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News Release 23 of 82

January 5, 2010 10:30 AM (EST)

News Release Number: STScI-2010-02

Hubble Reaches the "Undiscovered Country" of Primeval Galaxies

An American Astronomical Society Meeting Release

January 5, 2010: NASA's Hubble Space Telescope has broken the distance limit for galaxies and uncovered a primordial population of compact and ultra-blue galaxies that have never been seen before. The deeper Hubble looks into space, the farther back in time it looks, because light takes billions of years to cross the observable universe. This makes Hubble a powerful "time machine" that allows astronomers to see galaxies as they were 13 billion years ago, just 600 million to 800 million years after the Big Bang.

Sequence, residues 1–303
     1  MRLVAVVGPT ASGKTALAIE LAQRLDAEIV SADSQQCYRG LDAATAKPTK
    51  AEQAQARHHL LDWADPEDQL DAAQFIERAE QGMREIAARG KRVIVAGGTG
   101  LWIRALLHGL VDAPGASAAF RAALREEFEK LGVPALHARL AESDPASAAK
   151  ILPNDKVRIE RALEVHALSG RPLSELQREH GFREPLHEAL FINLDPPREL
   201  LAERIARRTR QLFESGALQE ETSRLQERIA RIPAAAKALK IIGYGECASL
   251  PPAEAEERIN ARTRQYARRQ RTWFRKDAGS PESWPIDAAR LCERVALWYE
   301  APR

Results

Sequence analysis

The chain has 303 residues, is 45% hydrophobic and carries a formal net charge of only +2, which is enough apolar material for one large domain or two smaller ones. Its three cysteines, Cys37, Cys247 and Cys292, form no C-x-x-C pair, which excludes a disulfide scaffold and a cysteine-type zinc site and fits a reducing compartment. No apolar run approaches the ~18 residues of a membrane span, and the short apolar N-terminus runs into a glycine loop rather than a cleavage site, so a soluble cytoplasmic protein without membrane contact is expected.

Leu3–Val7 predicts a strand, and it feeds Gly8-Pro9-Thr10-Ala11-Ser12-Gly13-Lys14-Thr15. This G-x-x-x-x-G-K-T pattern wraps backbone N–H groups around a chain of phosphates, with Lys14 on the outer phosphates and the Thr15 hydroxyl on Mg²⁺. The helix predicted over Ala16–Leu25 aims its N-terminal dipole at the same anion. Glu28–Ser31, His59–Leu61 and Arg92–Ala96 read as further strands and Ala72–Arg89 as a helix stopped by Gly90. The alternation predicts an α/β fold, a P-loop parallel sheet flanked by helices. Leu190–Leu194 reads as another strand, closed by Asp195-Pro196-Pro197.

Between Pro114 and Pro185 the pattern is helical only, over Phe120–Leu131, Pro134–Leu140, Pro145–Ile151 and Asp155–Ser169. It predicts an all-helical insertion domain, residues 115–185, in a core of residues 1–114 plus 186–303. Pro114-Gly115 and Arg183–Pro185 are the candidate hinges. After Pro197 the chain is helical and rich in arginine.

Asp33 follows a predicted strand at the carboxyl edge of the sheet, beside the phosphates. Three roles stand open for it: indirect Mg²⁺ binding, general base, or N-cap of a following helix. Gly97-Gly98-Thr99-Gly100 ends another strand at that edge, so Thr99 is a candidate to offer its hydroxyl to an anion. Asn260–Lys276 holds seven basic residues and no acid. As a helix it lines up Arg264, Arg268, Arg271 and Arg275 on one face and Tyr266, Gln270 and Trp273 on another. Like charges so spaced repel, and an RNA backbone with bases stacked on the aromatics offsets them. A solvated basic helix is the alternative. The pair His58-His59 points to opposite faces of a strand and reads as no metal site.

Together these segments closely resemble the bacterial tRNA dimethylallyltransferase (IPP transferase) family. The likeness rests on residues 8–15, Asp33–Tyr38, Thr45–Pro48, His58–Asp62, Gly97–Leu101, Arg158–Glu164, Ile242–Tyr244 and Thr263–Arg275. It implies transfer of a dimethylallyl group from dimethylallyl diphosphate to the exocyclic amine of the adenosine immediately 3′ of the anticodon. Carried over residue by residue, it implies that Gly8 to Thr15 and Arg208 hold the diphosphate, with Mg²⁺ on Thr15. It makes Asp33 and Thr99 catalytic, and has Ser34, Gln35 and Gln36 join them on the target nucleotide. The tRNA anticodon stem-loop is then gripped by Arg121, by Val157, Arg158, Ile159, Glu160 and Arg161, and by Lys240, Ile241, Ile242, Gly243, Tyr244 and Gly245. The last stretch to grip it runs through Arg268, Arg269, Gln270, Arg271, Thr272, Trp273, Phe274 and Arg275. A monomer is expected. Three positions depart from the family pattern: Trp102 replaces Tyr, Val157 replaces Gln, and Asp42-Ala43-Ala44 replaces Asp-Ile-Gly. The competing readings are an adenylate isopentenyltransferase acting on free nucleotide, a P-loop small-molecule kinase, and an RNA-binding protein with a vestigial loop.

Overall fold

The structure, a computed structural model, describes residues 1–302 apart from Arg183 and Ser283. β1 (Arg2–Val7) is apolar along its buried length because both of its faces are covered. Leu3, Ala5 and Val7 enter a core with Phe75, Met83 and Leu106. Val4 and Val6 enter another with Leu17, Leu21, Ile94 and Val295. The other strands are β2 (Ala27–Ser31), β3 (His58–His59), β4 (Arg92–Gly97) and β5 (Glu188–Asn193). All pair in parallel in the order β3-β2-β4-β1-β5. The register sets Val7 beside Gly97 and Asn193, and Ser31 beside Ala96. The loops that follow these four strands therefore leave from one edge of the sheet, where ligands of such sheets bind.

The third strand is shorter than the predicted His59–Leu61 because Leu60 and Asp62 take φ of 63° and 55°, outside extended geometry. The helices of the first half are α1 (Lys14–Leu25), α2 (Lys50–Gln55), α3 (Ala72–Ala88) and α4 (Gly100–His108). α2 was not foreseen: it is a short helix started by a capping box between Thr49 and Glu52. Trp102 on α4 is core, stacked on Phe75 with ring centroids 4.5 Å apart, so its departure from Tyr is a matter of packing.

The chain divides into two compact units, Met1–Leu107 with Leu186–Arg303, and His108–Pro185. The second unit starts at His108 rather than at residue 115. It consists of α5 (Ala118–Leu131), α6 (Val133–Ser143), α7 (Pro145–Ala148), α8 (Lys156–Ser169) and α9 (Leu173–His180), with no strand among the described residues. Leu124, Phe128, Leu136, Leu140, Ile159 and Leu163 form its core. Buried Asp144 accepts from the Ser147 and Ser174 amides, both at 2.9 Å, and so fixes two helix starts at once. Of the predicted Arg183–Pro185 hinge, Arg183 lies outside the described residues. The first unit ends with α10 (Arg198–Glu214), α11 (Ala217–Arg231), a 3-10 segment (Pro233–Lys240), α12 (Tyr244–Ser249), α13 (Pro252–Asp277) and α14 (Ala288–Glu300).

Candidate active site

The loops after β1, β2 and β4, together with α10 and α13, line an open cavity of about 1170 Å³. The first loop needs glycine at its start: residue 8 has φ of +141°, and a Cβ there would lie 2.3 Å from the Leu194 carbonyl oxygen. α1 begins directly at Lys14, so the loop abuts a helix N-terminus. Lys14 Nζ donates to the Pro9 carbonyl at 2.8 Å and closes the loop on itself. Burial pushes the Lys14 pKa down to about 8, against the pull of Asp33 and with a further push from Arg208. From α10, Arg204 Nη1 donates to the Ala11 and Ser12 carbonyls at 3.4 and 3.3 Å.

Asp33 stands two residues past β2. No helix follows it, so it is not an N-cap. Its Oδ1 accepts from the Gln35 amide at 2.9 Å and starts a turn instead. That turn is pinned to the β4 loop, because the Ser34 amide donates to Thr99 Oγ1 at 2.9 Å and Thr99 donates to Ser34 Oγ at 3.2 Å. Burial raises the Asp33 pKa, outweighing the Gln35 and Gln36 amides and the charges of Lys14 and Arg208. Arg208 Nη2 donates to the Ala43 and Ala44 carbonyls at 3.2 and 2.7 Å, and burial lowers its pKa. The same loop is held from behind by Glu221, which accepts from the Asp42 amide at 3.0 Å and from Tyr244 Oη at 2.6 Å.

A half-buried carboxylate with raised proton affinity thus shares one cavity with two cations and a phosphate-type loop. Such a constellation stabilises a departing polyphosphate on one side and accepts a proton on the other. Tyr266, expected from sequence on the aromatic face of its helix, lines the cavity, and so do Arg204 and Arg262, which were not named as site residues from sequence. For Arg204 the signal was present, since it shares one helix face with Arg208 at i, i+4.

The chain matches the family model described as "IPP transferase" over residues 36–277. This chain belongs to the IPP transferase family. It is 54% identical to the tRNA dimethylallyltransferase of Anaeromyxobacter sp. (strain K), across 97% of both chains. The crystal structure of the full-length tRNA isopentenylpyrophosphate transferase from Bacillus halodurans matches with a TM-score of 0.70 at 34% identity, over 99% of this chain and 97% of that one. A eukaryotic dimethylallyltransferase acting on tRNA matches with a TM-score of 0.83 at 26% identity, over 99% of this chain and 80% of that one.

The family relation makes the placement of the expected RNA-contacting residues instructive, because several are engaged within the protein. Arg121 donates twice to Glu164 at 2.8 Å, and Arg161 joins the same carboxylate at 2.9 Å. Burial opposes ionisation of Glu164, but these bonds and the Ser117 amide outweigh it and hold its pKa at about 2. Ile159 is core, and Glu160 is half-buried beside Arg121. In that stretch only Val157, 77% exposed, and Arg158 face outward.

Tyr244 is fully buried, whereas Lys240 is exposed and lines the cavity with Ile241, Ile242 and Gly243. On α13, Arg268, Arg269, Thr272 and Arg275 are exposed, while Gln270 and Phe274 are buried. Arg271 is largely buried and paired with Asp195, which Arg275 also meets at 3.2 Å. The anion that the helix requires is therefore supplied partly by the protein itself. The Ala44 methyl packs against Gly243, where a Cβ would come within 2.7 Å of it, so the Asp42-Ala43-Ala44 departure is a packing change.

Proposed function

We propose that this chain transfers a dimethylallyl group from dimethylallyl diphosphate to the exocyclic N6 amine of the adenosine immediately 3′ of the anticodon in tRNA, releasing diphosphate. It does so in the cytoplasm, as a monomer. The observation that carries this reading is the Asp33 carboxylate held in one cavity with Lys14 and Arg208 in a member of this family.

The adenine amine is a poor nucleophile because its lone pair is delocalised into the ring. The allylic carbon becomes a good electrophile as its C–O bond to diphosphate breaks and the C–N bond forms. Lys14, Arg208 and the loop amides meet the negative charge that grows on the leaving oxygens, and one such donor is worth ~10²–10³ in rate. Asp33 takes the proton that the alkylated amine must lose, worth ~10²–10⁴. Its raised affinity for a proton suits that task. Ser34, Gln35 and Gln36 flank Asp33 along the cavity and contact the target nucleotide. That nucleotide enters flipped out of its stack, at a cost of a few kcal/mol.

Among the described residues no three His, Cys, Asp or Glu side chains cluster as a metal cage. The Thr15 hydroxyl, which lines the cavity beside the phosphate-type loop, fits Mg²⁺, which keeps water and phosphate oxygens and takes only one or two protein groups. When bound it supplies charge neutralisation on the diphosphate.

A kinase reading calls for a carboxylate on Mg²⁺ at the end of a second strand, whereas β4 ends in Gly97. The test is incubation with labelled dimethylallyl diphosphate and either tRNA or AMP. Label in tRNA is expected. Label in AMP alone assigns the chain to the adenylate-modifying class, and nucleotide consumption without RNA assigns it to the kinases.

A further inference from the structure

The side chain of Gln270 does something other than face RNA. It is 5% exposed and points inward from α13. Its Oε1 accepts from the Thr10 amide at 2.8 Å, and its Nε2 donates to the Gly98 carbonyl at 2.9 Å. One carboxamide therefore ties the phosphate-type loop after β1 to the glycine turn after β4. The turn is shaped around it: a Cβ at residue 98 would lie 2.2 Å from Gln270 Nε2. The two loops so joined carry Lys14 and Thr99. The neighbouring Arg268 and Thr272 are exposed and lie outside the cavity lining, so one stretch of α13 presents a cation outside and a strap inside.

The data from Hubble's new infrared camera, the Wide Field Camera 3 (WFC3), on the Ultra Deep Field (taken in August 2009) have been analyzed by no less than five international teams of astronomers. A total of 15 papers have been submitted to date by astronomers worldwide. Some of these early results are being presented by various team members on Jan. 6, 2010, at the 215th meeting of the American Astronomical Society in Washington, D.C.

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Credit: NASA, ESA, G. Illingworth and R. Bouwens (University of California, Santa Cruz), and the HUDF09 Team